Andrew Holland, CEO, Ambit Investment Advisors
We could see outflows unless there is clarity on P-Notes and NAVs. If you sell a part of the holding, does the whole P-Note become short-term or long-term? Moreover, if you are a fund and have daily or monthly NAVs, how is tax calculated in such cases? These are some points that need to be clarified. If these are not addressed by March 31, 2017, chances are FIIs will want to stay away from the Indian market. This will affect arbitrage opportunities. Everyone thinks FIIs are long-term investors but if the markets fall and they get redemptions, the funds will have to sell. So, it is not necessary they will hold on for a year until the new treaty comes into force. Moreover, now, if you hold assets for a month and then sell, short-term capital gains tax would be applicable. This can affect liquidity. Overall, this time next year, you could see lower volumes from FIIs if there is still confusion.
Tirthankar Patnaik, India Strategist, Mizuho Bank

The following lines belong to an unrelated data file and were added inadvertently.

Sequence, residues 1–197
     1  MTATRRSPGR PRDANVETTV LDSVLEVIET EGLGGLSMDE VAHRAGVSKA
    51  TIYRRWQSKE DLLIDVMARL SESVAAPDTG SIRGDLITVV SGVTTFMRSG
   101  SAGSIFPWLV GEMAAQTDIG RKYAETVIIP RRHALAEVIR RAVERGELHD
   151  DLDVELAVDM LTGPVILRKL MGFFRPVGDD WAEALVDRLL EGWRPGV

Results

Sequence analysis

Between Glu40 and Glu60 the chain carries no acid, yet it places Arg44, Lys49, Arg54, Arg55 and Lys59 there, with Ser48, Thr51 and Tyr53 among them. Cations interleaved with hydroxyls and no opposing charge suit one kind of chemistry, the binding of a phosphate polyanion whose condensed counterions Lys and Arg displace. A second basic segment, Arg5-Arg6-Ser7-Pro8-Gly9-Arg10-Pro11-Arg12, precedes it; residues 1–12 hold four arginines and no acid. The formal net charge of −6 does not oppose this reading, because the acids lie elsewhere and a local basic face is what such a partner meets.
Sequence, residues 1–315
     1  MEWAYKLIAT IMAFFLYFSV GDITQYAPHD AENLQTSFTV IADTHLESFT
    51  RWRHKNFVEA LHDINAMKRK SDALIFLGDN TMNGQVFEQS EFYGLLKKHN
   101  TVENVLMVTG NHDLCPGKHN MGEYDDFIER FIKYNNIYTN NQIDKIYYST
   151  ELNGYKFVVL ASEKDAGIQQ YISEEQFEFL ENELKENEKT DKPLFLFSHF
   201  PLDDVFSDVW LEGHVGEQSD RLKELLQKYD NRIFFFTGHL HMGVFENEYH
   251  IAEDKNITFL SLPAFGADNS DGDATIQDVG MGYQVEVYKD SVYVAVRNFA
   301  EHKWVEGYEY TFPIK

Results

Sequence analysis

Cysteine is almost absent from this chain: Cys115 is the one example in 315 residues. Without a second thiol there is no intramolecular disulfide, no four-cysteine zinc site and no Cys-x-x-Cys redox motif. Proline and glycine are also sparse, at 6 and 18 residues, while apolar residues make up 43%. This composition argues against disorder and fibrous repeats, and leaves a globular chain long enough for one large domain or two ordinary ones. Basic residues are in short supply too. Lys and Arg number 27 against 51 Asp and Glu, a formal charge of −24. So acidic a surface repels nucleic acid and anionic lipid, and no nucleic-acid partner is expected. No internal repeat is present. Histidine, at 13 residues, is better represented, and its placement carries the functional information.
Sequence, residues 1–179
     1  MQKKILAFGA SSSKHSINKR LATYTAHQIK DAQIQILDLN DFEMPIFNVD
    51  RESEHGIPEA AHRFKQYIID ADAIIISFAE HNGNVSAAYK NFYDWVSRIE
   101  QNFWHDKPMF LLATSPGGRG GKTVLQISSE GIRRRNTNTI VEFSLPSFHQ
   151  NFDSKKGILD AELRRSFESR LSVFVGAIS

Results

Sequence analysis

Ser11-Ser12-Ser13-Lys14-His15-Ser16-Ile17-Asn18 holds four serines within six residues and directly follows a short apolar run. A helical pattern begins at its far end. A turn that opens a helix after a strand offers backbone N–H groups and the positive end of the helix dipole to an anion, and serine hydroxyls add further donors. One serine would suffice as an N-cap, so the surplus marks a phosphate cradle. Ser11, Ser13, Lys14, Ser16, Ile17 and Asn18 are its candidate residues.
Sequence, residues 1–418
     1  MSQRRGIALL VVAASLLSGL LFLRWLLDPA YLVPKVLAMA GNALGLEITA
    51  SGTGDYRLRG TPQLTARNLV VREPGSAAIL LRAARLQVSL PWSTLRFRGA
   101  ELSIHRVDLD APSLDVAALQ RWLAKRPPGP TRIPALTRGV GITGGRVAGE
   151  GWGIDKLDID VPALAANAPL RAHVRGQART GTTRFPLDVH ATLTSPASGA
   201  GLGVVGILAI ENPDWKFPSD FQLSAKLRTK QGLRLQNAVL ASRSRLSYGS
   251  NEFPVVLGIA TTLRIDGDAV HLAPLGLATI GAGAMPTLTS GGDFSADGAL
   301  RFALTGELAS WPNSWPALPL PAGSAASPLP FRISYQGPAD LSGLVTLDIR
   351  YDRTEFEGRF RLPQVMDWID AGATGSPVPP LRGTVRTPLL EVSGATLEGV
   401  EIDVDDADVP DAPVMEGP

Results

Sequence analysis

The modification of the Mauritius treaty has been in the works for a long time. The idea in 1983 was to get more business through the Mauritius channel. But Indian tax authorities noted that there was significant round-tripping happening i.e. Indian capital was coming back to the country through the island nation. It is this pie that the tax authorities are targeting. Negotiations to address this issue have been on for a while so it hasn’t come as a surprise. Long-term investors, typically FPIs, should have no issues. A grandfather clause up to April 1, 2017 should also help matters. There is sufficient time for people to put in numbers, get out of numbers and re-valuate positions. Meanwhile, India has remained an attractive investment destination for investors, moving fairly in tandem with global risk assets since March. Hence, I don’t see a major fallout for Indian equities because of the amended treaty.